The governor says he is confident his proposal will pass, due to significant bipartisan support. The bill has 37 House co-sponsors, a slim majority in the 70-member body. Meanwhile, 25 of the Senate’s 35 members have signed on.
In a statement, Bedke lauded the special session.
“Idaho House Republicans are eager to help in this time of extraordinary need and look forward to convening,” said Bedke. “We cannot afford to sit back and watch as continued mismanagement from the federal government threatens the prosperity of our friends and families.”
House Minority Leader Ilana Rubel cautioned against a spending “shell game.” She wants to make sure lawmakers don’t use the $410 million as cover for cutting education budgets elsewhere. However, she praised the proposed education funding increase.
“We need it desperately at a time when we have over 900 teaching positions across the state that we are struggling to fill because Idaho pays teachers so poorly,” said Rubel, D-Boise. “I caution, however, against taking a premature victory lap. GOP legislators dug such a deep hole in education funding that Idaho will likely remain at best in 49th place nationwide in education funding per pupil, and will continue to require hundreds of millions of dollars to get our school buildings into reasonable condition.”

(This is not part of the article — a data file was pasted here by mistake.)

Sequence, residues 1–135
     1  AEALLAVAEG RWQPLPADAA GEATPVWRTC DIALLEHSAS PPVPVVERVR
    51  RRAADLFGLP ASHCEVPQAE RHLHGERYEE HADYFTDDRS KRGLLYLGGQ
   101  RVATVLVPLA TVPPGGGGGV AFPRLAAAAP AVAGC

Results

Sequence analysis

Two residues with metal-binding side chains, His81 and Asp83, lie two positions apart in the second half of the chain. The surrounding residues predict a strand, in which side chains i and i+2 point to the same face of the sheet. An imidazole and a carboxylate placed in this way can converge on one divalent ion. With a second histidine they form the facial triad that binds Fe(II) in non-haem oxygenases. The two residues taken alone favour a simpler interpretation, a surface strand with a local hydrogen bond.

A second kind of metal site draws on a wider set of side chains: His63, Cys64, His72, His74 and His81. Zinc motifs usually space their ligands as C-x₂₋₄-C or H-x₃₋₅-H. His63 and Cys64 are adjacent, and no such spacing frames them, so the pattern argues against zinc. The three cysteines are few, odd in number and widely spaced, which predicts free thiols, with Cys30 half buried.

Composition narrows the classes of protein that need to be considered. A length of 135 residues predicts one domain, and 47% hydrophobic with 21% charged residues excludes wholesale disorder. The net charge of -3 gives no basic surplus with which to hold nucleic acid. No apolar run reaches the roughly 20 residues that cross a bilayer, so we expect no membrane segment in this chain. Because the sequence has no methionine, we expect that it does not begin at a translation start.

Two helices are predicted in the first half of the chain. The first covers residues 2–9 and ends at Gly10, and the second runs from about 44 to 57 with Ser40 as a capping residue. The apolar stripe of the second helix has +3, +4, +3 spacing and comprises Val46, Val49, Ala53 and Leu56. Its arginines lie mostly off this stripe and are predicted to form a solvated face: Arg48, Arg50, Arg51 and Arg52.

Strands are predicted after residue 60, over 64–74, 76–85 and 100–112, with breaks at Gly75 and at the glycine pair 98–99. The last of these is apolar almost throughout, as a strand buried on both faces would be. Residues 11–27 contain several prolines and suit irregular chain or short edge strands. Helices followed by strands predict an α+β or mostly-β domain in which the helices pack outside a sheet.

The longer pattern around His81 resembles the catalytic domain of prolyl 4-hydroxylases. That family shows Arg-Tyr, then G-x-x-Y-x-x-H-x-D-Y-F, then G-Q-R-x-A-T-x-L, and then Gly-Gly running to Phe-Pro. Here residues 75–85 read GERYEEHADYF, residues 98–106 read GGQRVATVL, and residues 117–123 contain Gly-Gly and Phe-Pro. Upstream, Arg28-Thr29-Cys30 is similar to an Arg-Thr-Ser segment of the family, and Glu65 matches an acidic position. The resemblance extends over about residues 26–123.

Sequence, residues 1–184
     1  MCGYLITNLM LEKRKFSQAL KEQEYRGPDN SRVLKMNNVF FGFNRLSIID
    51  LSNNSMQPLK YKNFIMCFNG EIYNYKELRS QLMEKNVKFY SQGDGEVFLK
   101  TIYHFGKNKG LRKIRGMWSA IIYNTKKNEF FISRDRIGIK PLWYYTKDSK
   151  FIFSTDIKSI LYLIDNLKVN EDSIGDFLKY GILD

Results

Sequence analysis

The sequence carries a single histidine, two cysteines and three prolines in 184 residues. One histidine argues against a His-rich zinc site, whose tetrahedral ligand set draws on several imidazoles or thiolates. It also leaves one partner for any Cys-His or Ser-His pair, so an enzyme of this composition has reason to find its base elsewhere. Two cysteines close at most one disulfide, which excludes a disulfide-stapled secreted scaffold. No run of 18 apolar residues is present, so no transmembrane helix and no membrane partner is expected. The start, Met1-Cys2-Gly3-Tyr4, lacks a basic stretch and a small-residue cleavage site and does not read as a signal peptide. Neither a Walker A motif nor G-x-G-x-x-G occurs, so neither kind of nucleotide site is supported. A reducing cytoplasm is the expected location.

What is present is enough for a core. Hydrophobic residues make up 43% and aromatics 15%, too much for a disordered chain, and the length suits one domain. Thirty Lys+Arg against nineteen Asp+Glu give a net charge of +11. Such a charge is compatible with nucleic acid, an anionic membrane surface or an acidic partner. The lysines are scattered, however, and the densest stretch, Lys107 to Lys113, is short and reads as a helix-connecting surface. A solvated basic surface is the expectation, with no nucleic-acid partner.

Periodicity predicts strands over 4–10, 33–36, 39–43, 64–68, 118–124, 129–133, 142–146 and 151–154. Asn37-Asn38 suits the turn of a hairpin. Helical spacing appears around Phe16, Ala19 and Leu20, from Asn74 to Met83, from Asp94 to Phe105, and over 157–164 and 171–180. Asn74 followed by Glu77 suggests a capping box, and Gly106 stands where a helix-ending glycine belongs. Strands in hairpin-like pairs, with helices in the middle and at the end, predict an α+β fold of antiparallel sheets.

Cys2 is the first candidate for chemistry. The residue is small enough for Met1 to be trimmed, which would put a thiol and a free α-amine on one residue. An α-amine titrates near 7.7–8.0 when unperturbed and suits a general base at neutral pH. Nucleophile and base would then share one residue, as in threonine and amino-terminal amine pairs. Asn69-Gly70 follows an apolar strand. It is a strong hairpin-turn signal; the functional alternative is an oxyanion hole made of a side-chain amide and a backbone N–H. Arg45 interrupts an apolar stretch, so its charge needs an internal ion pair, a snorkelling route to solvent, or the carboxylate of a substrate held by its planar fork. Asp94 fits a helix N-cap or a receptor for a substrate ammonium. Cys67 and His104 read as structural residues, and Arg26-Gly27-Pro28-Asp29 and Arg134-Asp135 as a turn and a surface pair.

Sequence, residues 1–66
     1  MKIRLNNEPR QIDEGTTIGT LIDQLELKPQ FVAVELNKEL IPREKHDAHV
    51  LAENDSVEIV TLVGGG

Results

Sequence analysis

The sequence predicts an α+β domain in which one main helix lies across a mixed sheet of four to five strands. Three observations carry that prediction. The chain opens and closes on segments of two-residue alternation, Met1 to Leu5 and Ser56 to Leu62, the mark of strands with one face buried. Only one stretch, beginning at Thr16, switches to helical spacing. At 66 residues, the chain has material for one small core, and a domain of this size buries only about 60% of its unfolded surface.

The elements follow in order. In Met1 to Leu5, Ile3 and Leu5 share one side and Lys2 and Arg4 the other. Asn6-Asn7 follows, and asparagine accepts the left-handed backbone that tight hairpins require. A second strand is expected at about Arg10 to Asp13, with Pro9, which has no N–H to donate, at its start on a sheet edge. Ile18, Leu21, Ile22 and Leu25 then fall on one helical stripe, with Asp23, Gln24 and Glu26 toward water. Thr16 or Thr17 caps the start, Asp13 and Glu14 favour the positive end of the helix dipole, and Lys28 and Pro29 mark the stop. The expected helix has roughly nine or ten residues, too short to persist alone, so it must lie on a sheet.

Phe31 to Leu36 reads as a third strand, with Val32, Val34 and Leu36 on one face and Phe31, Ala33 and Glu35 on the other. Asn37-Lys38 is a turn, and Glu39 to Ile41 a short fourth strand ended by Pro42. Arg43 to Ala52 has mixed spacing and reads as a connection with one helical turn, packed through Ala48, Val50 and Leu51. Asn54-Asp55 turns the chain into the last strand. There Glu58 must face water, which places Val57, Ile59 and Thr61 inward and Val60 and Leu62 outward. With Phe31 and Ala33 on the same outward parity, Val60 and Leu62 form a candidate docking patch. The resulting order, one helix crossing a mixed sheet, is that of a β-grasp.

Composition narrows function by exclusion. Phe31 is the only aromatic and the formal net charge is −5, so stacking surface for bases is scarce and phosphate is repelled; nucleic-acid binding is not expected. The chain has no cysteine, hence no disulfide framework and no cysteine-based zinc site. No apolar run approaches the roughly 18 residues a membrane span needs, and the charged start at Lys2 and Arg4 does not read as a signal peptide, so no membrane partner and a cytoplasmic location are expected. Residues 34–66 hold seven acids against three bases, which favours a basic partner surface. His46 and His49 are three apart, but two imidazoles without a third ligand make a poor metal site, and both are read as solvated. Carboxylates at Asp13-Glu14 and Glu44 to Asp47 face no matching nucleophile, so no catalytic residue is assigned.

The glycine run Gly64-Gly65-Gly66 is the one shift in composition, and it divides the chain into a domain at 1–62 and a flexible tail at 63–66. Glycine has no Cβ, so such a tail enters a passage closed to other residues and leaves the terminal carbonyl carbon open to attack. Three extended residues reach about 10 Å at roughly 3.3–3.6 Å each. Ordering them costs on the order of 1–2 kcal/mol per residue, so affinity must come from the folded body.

The special session comes as the fall campaign season is likely to heat up. Little is seeking a second term in the Nov. 8 general election. Bedke, one of Little’s political allies, is running for lieutenant governor. All 105 legislative seats will be on the ballot — although many of these races are uncontested.
Also on the Nov. 8 ballot: Reclaim Idaho’s voter initiative, the Quality Education Act. The measure would generate at least $323 million for K-12, through an increase in corporate income tax rates and income taxes on the state’s wealthiest residents.
If the Reclaim initiative receives a majority vote, it would go into effect Jan. 1. But if the Legislature approves Little’s proposal, this law would go into effect Jan. 3, rolling back any changes made by the Quality Education Act.
Little said Tuesday that his proposal is unrelated to the Reclaim initiative, but added that he believes his is a better option because it completes a similar goal while reducing taxes and providing rebates.